County now supporting residents whose wells had elevated levels of chemicals
Henrico County’s testing of private wells near White Oak Swamp Creek found 88% had no detectable presence of potentially harmful chemicals known as PFAS. Among the samples taken from 259 residential wells, 30 had some level of PFAS, with two exceeding the Environmental Protection Agency’s (EPA) preliminary health advisory level.
The Department of Public Utilities (DPU) is sharing the results with the respective residents and developing short- and long-term measures to address the issue. Options include further and ongoing testing, support for regular maintenance of wells, installation of treatment systems and ultimately connecting properties to the public water and wastewater systems. DPU also is providing bottled water to the homes served by wells that showed PFAS concentrations above the EPA’s preliminary health advisory level of 70 parts per trillion.
“Henrico’s extensive testing of private wells in the area of White Oak Swamp Creek is now complete and gives us a sense of what the needs of our community are,” DPU Director Bentley P. Chan said. “As we have been throughout this process, Henrico is committed to protecting the health and well-being of our community. To that end, we will continue to be transparent and proactive as we partner with residents as well as state and federal agencies to address this issue responsibly and as quickly as possible.”
Henrico’s well-testing initiative stems from an Oct. 28 notice from the Virginia Department of Health (VDH) and Virginia Department of Environmental Quality (DEQ) that PFAS levels above the EPA’s health advisory level were found in samples of surface water from the Chickahominy River Basin. Those samples were collected as part of an ongoing study by Newport News Waterworks, which uses the Chickahominy River as a source for public drinking water.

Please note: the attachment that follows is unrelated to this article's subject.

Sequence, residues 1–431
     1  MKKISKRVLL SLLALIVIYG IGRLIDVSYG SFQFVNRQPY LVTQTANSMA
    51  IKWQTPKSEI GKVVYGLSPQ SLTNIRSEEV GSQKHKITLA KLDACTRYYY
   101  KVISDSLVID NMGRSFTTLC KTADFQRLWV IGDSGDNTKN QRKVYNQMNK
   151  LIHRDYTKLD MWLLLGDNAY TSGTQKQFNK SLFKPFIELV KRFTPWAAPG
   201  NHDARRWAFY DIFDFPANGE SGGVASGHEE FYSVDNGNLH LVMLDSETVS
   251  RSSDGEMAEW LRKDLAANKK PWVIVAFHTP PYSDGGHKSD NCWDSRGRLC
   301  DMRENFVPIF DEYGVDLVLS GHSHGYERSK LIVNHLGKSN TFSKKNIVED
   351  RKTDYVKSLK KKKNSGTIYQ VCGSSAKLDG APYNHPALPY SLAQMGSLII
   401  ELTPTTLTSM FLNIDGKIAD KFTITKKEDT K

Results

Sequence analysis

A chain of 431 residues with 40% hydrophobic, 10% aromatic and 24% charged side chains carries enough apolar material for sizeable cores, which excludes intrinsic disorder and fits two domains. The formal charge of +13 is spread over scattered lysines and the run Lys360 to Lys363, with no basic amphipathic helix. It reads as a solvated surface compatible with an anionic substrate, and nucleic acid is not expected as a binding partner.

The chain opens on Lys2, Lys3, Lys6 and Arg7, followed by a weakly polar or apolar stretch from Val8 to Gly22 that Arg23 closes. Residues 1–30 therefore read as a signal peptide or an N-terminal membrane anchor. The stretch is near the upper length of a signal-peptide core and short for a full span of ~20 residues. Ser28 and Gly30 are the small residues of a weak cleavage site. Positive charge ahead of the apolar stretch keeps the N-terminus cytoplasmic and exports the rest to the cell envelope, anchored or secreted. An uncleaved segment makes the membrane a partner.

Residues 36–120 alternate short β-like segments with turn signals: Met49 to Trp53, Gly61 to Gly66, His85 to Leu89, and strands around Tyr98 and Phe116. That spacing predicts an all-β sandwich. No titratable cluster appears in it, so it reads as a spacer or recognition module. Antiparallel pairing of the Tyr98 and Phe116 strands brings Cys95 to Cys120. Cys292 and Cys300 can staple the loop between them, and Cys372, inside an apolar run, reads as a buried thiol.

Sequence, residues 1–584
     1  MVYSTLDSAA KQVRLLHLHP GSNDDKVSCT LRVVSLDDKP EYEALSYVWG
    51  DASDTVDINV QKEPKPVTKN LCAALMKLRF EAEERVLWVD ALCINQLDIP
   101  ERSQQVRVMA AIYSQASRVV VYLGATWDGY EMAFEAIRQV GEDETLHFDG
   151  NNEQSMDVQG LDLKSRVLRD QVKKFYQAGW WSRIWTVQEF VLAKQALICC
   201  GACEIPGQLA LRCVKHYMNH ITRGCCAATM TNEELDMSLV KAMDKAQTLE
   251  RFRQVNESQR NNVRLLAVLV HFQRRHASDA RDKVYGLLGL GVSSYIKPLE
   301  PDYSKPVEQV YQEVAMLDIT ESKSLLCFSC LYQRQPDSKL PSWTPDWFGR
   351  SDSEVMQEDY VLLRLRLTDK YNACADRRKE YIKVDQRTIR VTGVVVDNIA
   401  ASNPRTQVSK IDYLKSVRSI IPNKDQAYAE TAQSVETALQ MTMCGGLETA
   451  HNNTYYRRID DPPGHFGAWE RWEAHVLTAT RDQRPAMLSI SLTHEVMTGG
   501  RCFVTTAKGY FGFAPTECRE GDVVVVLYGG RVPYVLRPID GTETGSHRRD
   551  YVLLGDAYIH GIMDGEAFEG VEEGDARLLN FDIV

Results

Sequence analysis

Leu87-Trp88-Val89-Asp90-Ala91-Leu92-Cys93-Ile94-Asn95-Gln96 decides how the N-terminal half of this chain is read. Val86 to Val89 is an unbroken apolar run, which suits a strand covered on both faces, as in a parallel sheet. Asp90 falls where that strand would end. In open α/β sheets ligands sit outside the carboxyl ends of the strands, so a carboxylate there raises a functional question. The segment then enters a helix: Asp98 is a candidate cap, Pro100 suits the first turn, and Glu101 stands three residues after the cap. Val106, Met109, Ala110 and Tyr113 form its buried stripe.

Henrico confirmed the elevated PFAS levels in samples of surface water taken from White Oak Swamp Creek in November. Then, in collaboration with homeowners, DPU staff collected water samples from 259 wells in December – an increase from an initial plan to test 120 wells. The samples were tested by Enthalpy Analytical, a North Carolina-based environmental lab, at no cost to the homeowner.
Of the 259 samples, 229 showed no detectable levels of PFAS. Twenty-eight samples had PFAS levels ranging from 3 to 34 parts per trillion – below the EPA’s health advisory level of 70 parts per trillion. Two samples exceeded the EPA’s standard, with levels of 86 and 128 parts per trillion.
In addition to providing technical and other support to residents, DPU is working with state agencies to analyze the test results. That review will consider the PFAS levels detected and the wells’ locations and depths, Chan said. He noted that the impacted wells are largely scattered, although some are in clusters.
PFAS, or perfluoroalkyl and polyfluoroalkyl substances, are long-lasting chemicals used in a variety of products, including carpet, fabric and food packaging as well as firefighting and industrial products to resist water, grease and stains. Long-term exposure to elevated levels of PFAS may be associated with health concerns, according to the EPA.
State and federal agencies continue to investigate the potential source or sources of PFAS chemicals in the White Oak Swamp Creek area and whether further regulatory action is warranted, Chan said.
“As a county, we recognize the recent well testing answers some – but not all – of the questions we face in the White Oak area,” he said. “We are committed to working closely and openly with our residents, engaging with the appropriate federal and state agencies and doing everything in our power to safeguard the health and well-being of our community and the environment.”